Does every vote matter? Yes. Even if California's electoral votes aren't in play, the national popular vote still counts. I hear a lot from my students about how it isn't fair that one candidate could lose the popular vote and still win the Electoral College -- I don't imagine they each thought of this independently, so assume there are media outlets planting this narrative, hoping that's what happens. So every vote that adds to Obama's national popular vote total makes that argument less likely -- and adds to his legitimacy in his second term.

  •  I posted a response to your comment (1+ / 0-)
    Recommended by:
    yella dawg

    on "Out of the blogs, into the streets: Working the ground game" http://www.dailykos.com/...
    Your vote DOES count.
    Work the Downticket races, even if your state is solid Obama territory, he needs a cooperative Congress and I understand that you also have some important Ballot Measures as well.
    Don't despair, bump up your creative and GO!

  •  My daughter in CA… (1+ / 0-)
    Recommended by:
    sharonsz

    … was talking to me last week about how her contemporaries (she's 28) feel disconnected from the election this time, because they feel ignored by the presidential campaign.

    She knows why this is (and she is participating in the Woman-to-Woman letter writing campaign to women here in NC) but it is what it is, according to her.

    I wanted her to write a diary on this (and I'd post it), she's thinking about it.

    I'm up to my ears in the ground game here in NC to think really deeply into this, but I saw your diary and wanted to let you know what I'm hearing.

    Dog be with us ;-)

    •  I live in California, and I've been trying (0+ / 0-)

      to get this message across for some time: all of my Democratic friends feel the same way.  They are angry because Obama shut the progressives out of his administration during his first term, so they're going to sit on their hands during this election. The apathy and anger here is scary.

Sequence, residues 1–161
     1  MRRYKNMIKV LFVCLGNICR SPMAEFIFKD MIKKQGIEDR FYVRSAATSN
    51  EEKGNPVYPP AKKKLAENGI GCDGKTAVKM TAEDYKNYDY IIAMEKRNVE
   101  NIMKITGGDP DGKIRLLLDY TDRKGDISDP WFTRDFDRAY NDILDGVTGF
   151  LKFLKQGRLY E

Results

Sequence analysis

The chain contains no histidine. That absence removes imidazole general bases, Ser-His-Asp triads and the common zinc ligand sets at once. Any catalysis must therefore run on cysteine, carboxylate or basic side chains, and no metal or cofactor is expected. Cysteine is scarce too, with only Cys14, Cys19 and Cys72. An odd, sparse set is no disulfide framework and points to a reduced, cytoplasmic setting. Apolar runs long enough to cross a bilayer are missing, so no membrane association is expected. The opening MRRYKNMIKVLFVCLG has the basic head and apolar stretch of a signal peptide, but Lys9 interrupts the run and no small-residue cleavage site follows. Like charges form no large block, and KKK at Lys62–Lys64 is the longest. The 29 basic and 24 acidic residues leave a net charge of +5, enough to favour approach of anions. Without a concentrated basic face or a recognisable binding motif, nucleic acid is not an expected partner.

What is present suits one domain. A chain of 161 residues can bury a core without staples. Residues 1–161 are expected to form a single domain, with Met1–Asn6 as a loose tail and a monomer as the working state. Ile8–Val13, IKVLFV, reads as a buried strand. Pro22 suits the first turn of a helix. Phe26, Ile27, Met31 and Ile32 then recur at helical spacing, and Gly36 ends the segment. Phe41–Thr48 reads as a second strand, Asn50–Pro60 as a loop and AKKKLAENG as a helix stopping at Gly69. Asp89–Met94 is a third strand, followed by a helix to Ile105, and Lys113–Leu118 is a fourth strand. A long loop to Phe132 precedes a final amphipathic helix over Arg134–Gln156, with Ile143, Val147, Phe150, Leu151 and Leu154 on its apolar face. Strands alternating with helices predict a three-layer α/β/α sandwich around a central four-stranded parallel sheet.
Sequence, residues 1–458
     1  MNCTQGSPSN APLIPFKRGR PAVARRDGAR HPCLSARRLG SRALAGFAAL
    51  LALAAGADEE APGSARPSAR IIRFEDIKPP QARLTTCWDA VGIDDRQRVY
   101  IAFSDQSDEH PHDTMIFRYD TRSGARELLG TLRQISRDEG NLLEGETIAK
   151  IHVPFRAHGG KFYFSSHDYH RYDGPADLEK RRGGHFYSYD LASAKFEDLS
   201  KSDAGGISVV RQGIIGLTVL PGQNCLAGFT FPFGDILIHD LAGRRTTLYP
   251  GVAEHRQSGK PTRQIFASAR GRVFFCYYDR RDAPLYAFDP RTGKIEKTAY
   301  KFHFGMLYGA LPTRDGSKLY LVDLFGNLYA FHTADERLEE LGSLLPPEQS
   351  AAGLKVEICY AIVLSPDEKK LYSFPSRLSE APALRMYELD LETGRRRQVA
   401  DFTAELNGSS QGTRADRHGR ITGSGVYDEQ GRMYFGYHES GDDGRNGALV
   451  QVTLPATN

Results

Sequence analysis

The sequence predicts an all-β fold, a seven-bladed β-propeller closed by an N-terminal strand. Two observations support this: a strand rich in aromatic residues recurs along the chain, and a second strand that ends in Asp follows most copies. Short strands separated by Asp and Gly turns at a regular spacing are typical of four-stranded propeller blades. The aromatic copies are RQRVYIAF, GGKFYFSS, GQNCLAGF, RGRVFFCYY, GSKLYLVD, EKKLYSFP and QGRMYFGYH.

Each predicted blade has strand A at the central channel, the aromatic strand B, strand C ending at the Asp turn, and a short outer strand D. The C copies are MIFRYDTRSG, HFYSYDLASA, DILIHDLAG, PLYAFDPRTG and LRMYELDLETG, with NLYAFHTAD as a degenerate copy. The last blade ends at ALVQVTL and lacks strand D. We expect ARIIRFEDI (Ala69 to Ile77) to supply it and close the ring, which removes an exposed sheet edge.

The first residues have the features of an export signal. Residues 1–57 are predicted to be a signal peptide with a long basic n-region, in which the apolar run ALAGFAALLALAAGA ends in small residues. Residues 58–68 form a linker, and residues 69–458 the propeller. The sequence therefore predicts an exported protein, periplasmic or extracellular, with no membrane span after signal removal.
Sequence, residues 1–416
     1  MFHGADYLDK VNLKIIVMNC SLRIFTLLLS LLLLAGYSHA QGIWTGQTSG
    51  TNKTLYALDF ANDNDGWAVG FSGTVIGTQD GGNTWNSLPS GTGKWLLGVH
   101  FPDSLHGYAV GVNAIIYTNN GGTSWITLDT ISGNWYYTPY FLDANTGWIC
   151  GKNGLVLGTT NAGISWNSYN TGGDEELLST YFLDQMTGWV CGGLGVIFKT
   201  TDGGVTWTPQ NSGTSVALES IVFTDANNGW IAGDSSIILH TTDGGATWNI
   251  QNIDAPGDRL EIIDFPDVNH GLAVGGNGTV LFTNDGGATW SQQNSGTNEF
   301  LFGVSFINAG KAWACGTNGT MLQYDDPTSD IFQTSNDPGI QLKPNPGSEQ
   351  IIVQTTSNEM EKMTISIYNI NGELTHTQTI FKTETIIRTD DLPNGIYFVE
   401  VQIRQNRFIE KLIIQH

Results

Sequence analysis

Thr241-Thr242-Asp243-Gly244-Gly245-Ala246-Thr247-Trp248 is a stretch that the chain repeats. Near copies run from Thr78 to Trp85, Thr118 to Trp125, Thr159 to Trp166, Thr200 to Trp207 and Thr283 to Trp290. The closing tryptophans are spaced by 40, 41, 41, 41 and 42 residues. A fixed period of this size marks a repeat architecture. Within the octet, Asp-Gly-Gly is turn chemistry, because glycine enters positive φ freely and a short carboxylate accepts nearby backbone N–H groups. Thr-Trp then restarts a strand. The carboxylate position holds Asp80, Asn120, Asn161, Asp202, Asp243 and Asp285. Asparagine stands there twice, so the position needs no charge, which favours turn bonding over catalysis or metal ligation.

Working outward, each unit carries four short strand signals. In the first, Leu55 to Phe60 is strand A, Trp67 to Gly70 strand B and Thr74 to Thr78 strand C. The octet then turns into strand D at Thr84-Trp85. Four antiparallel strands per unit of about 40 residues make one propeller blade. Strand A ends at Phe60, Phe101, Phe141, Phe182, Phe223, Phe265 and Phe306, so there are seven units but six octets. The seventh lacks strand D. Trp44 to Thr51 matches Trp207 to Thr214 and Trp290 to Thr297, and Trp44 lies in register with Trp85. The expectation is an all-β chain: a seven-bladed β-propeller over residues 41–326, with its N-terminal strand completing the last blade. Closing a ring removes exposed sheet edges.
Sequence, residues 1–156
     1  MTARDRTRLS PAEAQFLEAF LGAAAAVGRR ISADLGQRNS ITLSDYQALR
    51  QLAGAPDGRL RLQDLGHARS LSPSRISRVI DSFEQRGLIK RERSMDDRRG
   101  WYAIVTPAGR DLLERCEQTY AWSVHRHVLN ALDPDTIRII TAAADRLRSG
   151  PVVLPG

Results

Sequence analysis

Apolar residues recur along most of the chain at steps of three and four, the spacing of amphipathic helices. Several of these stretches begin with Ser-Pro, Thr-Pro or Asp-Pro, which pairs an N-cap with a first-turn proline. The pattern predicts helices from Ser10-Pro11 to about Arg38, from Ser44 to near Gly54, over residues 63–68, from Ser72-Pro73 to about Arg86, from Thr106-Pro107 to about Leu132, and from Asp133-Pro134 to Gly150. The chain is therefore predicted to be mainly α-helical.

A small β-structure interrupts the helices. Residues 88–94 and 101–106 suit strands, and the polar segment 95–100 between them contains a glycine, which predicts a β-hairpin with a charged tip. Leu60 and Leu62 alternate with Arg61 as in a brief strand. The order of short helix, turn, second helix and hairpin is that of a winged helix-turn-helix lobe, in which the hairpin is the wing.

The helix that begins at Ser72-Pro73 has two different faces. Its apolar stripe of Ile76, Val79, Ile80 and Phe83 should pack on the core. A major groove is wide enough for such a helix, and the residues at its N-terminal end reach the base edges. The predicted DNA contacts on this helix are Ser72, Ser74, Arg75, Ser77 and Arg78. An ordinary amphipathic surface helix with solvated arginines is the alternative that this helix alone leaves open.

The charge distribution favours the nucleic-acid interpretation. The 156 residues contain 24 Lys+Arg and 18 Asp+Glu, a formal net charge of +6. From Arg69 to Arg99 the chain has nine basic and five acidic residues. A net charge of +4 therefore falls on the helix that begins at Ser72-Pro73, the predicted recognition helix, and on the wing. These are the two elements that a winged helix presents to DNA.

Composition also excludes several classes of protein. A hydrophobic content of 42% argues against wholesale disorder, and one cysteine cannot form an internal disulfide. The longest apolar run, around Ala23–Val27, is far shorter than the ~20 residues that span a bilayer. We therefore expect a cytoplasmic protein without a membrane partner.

Most of them believe that Obama will go back to being the same person he was during his first term so they feel they have no reason to get excited about his re-election.  That is why I've been trying to get people on this site to pressure the President to make amends with the members of his base, but everytime I make those type of suggestions, I'm called a troll or I'm told I don't belong here.  

      I've talked to enough California Democrats to know that their minds aren't going to be changed by gimmicks or tricks...the only thing that will motivate them to vote is a believable promise that the Obama administration will be drastically different during the second term...but right now, they don't see that happening, so they're willing to sit out this election.

      People my age are furious at him because he placed Social Security, Medicare, and Medicaid on the bargaining table; they want him to promise, unequivocally, that he will not touch those programs.  If he doesn't do that, then he will lose a lot of boomer progressives in November.